Graduate students create a safe place for scholars to share lived realities
By Allison Brock
Undergraduate and graduate students from Hawaii to Texas to Massachusetts presented work on collective healing, the theme for the 2021 Communicating Diversity Student Conference. The all-graduate-student run event is one of the annual COMM events where DEI commitment is put into action.
Emily Riewestahl, this year’s graduate student conference director, led the conference planning committee that consisted of nine members: Alaina Spiers, Angie Galal, Annie Ortiz-Martinez, Macy Dunklin, Mariana Rodriguez, Nour Zeid, Paige Jennings, Shelby Landmark and Tamanda Chabvuta. The committee worked throughout the spring semester to design, promote, and host the conference. Many graduate students and faculty from the COMM department supported the conference by serving as peer mentors and session chairs.
Hosted by the Climate and Inclusion Committee and sponsored by the Texas A&M University Department of Communication, Melbern G. Glasscock Center for Humanities Research, Department of Sociology, Women’s and Gender Studies program and Latino/a and Mexican American Studies program, the conference consisted of three morning sessions followed by a documentary screening led by Asha Winfield, concluding with four afternoon sessions and a keynote address from Amber Johnson, Ph.D. of Saint Louis University.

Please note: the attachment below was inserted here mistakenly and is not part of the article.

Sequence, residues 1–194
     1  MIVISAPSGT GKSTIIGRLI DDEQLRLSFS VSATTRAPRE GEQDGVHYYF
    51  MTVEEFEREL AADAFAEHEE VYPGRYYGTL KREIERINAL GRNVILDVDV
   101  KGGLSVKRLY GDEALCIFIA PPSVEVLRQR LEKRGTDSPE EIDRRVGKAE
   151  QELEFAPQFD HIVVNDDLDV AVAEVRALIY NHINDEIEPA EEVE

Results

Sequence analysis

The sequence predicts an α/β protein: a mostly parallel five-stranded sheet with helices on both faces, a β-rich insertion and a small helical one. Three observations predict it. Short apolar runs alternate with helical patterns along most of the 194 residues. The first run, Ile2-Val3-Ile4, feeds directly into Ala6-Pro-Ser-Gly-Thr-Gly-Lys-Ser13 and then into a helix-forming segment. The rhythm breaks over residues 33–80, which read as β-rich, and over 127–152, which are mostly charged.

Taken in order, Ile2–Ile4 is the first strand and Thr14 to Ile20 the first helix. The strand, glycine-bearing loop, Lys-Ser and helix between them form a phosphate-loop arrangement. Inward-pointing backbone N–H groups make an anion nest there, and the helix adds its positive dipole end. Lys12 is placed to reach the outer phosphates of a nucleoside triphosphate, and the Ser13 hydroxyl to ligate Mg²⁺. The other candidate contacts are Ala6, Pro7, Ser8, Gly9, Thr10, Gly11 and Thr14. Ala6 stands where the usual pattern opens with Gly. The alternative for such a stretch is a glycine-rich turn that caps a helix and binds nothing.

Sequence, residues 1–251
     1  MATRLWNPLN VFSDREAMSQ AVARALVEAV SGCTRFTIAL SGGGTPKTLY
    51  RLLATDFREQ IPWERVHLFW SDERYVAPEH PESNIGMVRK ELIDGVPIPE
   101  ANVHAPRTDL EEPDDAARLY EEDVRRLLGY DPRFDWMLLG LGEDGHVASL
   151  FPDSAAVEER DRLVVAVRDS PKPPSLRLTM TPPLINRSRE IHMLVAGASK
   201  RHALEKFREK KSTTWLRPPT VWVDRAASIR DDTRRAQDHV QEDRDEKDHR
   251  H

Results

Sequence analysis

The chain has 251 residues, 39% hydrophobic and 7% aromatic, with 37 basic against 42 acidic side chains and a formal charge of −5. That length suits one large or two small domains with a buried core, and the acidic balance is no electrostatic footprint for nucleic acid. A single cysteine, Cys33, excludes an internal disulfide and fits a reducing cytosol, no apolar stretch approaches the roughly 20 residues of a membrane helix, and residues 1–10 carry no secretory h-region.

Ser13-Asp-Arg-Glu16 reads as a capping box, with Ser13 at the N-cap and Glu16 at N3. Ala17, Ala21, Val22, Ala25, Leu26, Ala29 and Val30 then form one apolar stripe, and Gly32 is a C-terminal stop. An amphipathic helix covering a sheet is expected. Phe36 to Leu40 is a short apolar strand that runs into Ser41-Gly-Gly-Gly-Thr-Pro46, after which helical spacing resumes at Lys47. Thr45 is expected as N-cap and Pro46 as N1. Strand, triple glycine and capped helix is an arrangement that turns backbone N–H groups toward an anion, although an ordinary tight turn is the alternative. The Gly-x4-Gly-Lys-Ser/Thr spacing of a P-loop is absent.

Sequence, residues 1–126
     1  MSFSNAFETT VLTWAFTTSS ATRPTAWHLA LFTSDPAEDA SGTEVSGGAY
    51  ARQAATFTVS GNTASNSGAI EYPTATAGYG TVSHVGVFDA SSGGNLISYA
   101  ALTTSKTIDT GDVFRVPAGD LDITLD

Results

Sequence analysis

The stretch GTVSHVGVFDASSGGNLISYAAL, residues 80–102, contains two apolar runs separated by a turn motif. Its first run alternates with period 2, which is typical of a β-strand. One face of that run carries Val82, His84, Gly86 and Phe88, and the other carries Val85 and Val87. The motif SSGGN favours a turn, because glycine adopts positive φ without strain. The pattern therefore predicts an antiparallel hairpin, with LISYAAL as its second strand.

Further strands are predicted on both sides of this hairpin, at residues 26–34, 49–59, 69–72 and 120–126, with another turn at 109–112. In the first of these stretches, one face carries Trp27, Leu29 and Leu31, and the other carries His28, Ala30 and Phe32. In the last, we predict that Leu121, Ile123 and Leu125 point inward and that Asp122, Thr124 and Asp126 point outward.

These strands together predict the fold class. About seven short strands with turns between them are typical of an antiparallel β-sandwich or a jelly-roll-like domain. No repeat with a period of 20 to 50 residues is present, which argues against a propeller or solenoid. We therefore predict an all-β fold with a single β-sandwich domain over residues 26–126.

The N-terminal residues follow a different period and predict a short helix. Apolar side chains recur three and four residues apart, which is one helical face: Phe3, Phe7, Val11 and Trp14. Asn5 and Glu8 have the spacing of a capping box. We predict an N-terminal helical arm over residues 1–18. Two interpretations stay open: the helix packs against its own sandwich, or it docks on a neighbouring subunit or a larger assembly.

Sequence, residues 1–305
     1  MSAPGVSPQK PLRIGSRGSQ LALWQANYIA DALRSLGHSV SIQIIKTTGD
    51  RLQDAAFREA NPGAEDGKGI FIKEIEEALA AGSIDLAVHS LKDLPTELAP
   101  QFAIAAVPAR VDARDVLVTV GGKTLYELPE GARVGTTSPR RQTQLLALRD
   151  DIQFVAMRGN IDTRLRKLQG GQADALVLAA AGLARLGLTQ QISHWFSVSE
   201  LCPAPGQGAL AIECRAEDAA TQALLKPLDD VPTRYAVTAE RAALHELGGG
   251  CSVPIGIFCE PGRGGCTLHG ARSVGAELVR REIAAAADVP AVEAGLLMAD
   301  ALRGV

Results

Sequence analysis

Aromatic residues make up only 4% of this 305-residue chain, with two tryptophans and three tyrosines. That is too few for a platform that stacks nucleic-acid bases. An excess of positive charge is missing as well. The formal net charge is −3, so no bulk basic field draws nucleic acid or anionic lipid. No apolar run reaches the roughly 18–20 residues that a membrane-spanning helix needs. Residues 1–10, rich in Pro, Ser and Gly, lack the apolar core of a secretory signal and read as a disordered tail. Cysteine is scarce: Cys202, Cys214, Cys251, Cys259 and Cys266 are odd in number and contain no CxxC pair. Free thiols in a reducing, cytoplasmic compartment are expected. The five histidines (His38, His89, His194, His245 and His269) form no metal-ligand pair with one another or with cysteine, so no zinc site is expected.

Dr. Leroy Dorsey, Associate Dean for Inclusive Excellence and Strategic Initiatives, chaired the keynote and awards reception. The keynote, which centered on healing justice and radical forgiveness, was inspiring and thought-provoking, said Srividya Ramasubramanian, a Presidential Impact Fellow and Professor of Communication.
Graduate students fight for the cause
When Riewestahl began planning the conference in early January, concern arose that faculty and students would not be able to participate as the continued threat of COVID-19 persists, said Hart Blanton, head of the COMM department.
“Way back in September when the department was reeling from everything COVID, I met with the chair of the Climate and Inclusion Committee and others in the Advisory Committee,” said Blanton. “We debated if it was feasible to plan for this event in the midst of a global crisis.”
Professor of Communication Joey Lopez said many faculty members shared their support for the conference because of their belief in the value of it.
“It almost didn’t happen and luckily it did,” said Lopez. “I have seen the impact this conference has on students, even when I was teaching at another university.”
Student scholars succeed
Riewestahl introduced and incorporated many engaging features at the conference that was held virtually for the first time since its founding in 2012 by Ramasubramanian.
The conference was navigable through the Whova platform which allowed the conference to feel as comfortable and accessible as an in-person conference would have felt, said Riewestahl.